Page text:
In addition to the potential liability Lumber Liquidators is facing regarding alleged CARB emissions noncompliance, the Justice Department recently announced that it is investigating whether the Company violated the Lacey Act by importing endangered species of wood and the U.S. Consumer Product Safety Commission (CPSC) is investigating whether the Company’s products run afoul of CPSC regulations.

If you are a manufacturer or importer of consumer products that contain wood, it is important that you understand the laws and regulations that affect your products.  In the wake of the investigations surrounding Lumber Liquidators, your products are in the regulatory spotlight.

Elliot Belilos represents companies in the areas of product safety and compliance.  You can reach him at ebelilos@ofwlaw.com.

CPSC Proposes to Make Voluntary Recalls and Compliance Programs Legally Binding

By Elliot Belilos

On November 13, 2013, the U.S. Consumer Product Safety Commission (CPSC) issued a proposed interpretive rule concerning corrective action plans for “voluntary” recalls that may impact future voluntary consumer product recalls in two significant ways.   First, CPSC proposes to make voluntary recall agreements that companies negotiate with CPSC legally binding.  Second, CPSC proposes to permit the staff to require ongoing compliance programs as a component of such agreements.

Legally Binding Voluntary Recalls: Under the current regulation (16 C.F.R. § 1115.20(a)), voluntary corrective action plans – which identify the remedial actions a company intends to take, up to and including a product recall – have no legally binding effect.  The proposed rule would make such corrective action plans binding, allowing the CPSC to go to federal court to enforce the terms of the agreement.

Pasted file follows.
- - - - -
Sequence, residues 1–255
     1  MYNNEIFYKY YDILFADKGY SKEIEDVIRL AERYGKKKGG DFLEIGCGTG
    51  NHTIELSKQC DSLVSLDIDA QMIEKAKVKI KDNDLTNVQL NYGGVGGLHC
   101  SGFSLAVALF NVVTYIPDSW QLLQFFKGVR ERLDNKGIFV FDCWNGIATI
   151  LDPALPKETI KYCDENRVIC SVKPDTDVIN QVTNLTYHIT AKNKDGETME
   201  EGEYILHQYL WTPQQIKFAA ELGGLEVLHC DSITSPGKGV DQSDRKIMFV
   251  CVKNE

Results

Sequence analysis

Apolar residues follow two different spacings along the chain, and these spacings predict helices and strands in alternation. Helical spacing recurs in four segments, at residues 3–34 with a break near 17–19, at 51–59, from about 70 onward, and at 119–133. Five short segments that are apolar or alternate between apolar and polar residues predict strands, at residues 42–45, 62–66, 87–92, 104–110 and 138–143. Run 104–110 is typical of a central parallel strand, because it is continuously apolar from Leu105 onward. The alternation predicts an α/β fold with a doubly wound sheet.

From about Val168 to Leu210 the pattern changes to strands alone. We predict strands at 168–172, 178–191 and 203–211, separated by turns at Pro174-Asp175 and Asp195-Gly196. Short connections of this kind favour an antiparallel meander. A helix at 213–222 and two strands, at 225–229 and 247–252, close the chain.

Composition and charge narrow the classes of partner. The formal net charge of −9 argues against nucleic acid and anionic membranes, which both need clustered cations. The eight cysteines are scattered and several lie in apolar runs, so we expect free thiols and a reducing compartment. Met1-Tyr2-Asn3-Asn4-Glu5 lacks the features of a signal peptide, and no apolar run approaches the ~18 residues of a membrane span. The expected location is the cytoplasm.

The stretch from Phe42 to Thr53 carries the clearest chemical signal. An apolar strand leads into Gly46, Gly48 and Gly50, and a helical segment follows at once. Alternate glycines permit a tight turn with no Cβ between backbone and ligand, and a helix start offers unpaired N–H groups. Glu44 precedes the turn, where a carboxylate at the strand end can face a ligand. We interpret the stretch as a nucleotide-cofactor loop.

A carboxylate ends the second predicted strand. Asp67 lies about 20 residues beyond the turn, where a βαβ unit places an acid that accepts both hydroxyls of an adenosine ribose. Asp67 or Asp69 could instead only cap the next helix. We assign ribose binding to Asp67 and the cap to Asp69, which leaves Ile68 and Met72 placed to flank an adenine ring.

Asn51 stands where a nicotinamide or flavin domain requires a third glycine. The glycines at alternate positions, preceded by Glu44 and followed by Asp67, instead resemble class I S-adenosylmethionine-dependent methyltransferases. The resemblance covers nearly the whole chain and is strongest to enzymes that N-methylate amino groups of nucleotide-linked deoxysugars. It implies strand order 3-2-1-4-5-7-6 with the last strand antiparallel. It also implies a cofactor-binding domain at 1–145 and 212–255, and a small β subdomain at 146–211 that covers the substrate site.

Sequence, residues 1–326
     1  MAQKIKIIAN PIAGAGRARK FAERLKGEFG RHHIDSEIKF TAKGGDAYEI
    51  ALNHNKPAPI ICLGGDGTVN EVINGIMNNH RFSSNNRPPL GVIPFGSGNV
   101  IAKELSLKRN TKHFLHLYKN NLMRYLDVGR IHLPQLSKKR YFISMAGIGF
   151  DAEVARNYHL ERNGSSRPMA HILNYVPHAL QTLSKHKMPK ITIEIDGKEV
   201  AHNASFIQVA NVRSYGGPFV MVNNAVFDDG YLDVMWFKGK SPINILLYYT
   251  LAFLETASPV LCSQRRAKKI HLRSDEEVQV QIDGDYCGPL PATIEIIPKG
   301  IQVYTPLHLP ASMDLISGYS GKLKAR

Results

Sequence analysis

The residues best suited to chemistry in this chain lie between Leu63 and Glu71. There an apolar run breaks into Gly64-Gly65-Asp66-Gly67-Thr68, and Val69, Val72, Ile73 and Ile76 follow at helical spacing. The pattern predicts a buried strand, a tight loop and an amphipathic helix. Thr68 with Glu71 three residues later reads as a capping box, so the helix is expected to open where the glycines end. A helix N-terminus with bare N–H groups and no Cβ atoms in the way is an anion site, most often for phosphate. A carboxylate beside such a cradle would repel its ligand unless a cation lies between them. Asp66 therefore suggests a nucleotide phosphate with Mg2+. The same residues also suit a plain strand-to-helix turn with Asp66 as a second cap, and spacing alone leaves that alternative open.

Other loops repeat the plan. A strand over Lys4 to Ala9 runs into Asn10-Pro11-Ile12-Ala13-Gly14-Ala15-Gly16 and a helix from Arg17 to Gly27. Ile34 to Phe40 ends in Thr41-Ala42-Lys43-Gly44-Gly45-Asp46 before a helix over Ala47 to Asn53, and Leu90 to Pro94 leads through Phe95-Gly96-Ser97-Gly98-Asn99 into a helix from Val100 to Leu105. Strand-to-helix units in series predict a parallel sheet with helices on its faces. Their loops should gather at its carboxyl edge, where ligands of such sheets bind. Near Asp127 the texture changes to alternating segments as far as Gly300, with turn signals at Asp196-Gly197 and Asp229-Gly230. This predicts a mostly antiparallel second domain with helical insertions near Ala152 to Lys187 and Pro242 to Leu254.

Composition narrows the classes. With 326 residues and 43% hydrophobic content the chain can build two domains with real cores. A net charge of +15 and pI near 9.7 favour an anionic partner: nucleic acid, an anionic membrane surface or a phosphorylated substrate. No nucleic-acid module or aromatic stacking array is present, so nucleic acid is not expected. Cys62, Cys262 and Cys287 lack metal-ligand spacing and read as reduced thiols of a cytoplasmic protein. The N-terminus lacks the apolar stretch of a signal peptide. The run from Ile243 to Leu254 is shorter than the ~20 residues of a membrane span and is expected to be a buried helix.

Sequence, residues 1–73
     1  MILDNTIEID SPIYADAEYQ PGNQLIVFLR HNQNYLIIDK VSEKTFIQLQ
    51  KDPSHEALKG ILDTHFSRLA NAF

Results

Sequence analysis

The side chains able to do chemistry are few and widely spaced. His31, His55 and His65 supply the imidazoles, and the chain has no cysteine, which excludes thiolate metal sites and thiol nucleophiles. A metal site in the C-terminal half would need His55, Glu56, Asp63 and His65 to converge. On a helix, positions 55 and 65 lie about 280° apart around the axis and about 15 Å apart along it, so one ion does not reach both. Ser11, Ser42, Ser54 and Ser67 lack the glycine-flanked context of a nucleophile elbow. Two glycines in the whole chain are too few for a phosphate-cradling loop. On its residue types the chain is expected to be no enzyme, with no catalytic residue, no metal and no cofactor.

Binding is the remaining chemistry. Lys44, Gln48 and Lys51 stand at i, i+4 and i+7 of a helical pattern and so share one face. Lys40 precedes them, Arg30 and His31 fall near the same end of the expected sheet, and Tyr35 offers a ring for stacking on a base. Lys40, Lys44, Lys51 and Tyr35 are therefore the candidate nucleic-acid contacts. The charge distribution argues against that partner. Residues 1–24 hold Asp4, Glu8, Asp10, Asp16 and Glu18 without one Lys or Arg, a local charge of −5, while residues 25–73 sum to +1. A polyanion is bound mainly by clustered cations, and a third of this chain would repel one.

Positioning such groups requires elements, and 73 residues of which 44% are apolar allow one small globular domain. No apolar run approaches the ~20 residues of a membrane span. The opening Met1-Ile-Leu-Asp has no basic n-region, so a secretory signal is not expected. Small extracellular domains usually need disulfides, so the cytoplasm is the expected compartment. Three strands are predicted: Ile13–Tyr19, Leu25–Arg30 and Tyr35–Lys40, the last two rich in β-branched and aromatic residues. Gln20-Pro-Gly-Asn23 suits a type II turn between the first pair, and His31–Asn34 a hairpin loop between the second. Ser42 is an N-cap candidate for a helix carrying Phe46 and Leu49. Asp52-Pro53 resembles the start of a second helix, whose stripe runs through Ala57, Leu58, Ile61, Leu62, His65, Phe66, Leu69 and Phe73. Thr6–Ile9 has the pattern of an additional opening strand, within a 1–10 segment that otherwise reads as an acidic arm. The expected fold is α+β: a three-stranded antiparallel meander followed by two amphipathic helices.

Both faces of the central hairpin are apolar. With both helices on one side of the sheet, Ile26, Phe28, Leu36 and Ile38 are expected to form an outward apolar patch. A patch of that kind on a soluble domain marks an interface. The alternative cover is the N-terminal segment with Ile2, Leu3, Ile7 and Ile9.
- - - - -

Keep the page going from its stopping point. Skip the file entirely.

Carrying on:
Compliance Programs: The proposed rule would also allow staff to insist that voluntary recall agreements require companies maintain ongoing compliance programs, defining the terms of such compliance programs such as levels and frequency of internal and third-party testing.  The proposed rule provides examples of circumstances that might warrant a compliance program, as well as examples of requirements that may be included in a compliance program. The proposed rule also sets forth enforcement measures CPSC may take to remedy violations, including seeking injunctive relief, specific performance, and sanctions.

Since the proposal was issued, there has been considerable debate in the product safety community as to (1) whether the CPSC has the authority to issue this rule as proposed, and (2)  whether the proposal, if implemented, would create a deterrence for companies to come forward and propose a voluntary recall and/or slow down the recall process.

Comments on the proposed rule may be submitted to CPSC by February 4, 2014.

For more information on how this proposal may impact your company, please contact me at 202-518-6358 or ebelilos@ofwlaw.com.